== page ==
The Asian Art Museum of San Francisco has been targeted by an anonymous artistic and political intervention that parodies the current Lords of the Samurai exhibition with a well designed website and a series of pamphlets distributed in San Francisco. The website is worth exploring, and becomes particularly interesting when paired with an interview with the anonymous critics on the 8Asians website.
Many in the museum world will feel that the parody is entirely unfair. The museum is a non-profit organization dedicated to education, and museum staff include many of Asian heritage as well as many respected scholars who have advanced degrees in Asian art history. In addition, some recent exhibitions at the museum have attempted to deal (not always very explicitly) with the history of Orientalism, such as the recent one on photographs of Asia, particularly South Asia.
One might also respond that at present museum exhibitions are not subject to the same kinds of peer review and scholarly criticism that help improve other forms of educational production. Other than the occasional newspaper review of a blockbuster exhibition, and the odd blog post by a volunteer scholar/critic, exhibitions and their catalogs rarely receive the kind of critical attention that they deserve. I have long argued that museums are probably the most important scholarly site in the world we live in for mass education about other nations and cultures. (TV and films reach more people, but are usually less grounded in scholarship and have less of a veneer of objectivity and authenticity.) A good specialty academic monograph might sell a few thousand copies. Many copies will go to academic libraries, where they might be read by multiple generations of students (we hope!). A big museum exhibition, on the other hand, might draw in 10s or even 100s of thousands of visitors. The AAMSF’s 2007 exhibition “Yoshitoshi’s Strange Tales,” for example, attracted almost 80,000 visitors, or approximately 931 per day according to The Art Newspaper‘s “Exhibition Attendance Figures,” 189 (March 2008) . Bigger Asian art exhibitions, such as the Freer Gallery of Art’s exhibition “East of Eden: Gardens in Asian Art” brought in well more than 200,000 visitors.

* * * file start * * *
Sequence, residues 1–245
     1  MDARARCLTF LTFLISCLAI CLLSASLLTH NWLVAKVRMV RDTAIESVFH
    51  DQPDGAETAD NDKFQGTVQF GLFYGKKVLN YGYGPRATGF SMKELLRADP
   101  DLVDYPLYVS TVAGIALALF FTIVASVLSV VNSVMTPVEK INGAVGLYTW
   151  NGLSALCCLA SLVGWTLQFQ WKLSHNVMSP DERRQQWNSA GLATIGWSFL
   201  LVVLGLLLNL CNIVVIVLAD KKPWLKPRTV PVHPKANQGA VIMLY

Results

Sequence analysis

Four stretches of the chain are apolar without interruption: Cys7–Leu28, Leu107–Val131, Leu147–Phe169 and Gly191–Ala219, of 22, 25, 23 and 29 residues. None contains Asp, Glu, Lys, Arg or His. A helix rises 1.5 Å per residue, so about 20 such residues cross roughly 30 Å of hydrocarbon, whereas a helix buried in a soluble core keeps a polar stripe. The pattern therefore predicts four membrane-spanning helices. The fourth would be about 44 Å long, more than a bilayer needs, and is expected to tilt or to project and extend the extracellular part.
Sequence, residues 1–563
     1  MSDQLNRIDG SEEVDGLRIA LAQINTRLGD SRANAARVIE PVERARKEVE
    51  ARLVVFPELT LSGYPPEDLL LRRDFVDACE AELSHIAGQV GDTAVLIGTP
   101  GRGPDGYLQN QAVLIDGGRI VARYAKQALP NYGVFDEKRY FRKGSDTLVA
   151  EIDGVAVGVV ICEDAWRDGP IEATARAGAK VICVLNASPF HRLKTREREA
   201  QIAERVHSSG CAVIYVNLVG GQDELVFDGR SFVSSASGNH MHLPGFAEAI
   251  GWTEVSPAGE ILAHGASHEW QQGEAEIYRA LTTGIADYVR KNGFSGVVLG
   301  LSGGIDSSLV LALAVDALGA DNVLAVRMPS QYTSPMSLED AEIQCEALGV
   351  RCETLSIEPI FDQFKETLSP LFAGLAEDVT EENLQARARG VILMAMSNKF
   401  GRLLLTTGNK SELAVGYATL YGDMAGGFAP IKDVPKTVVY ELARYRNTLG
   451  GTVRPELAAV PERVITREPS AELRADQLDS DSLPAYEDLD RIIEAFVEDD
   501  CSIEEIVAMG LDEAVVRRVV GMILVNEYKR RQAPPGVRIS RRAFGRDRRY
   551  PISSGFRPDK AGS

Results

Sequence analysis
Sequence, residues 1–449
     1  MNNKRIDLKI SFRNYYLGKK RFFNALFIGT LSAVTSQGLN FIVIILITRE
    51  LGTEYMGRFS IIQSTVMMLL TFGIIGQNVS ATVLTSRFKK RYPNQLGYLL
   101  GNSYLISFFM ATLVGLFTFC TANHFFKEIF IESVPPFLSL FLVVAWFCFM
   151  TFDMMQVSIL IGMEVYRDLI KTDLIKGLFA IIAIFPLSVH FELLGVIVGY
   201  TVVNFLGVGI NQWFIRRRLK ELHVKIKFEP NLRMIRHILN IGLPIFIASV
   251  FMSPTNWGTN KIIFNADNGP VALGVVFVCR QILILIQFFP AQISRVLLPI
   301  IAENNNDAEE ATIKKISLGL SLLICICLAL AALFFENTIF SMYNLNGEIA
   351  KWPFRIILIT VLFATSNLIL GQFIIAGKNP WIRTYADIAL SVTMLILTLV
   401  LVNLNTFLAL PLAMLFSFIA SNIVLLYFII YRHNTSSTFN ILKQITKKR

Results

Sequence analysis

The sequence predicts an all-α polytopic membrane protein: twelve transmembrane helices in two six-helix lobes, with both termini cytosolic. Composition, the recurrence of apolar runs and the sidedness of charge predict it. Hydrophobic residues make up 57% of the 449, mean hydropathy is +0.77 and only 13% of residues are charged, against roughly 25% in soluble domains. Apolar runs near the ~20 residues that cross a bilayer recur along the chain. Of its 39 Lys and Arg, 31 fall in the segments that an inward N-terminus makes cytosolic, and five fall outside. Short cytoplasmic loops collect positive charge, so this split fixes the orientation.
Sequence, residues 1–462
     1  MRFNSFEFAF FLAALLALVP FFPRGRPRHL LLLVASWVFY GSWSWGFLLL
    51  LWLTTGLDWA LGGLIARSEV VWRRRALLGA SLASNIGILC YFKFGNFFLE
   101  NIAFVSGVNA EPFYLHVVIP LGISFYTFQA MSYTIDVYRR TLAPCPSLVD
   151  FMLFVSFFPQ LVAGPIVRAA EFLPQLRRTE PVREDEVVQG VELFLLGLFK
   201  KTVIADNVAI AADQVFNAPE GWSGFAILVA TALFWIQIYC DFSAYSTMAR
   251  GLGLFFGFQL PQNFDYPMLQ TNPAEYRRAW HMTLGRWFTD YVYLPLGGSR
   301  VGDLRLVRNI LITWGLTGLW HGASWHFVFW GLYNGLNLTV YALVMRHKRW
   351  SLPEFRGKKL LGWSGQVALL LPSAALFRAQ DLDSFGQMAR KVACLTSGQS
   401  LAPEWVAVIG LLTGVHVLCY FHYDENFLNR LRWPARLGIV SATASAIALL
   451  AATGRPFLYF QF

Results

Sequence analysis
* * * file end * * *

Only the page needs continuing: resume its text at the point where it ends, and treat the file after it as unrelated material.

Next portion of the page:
Most museum professionals are entirely aware of the incredible responsibility they have in putting on exhibitions that often substitute for a nation’s entire history. Curators know that visitors might feel that having visited a show on the samurai, they have in effect visited Japan itself. This is the wonderful power and also the great danger of the museum; it reduces social and cultural complexity, not to mention historical variation and diversity, to a few beautiful objects.
Topics like the samurai and the geisha are certainly valid subjects for museum exhibitions, and in these difficult financial times, must be attractive themes as guarantees of significant visitor traffic. But why not call attention to the problematic mythologization of these figures, as the Pacific Asia Museum’s 2009 exhibition “The Samurai Re-Imagined: From Ukiyo-e to Anime” did? Why not, as the parody of AAMSF’s exhibition suggests, pay attention to less well known aspects of samurai culture and history, whether that be sexuality, the reality of war, Japanese aggression in Korea, or modern wartime appropriations of the samurai image? Or why not, as the interview suggestions, highlight the more nuanced scholarship of Tom Conlon or Hal Bolitho instead of the work of Thomas Cleary? These are valid and important questions, and the controversy illustrates the need for more scholarly and critical attention to the politics of display of Japanese art.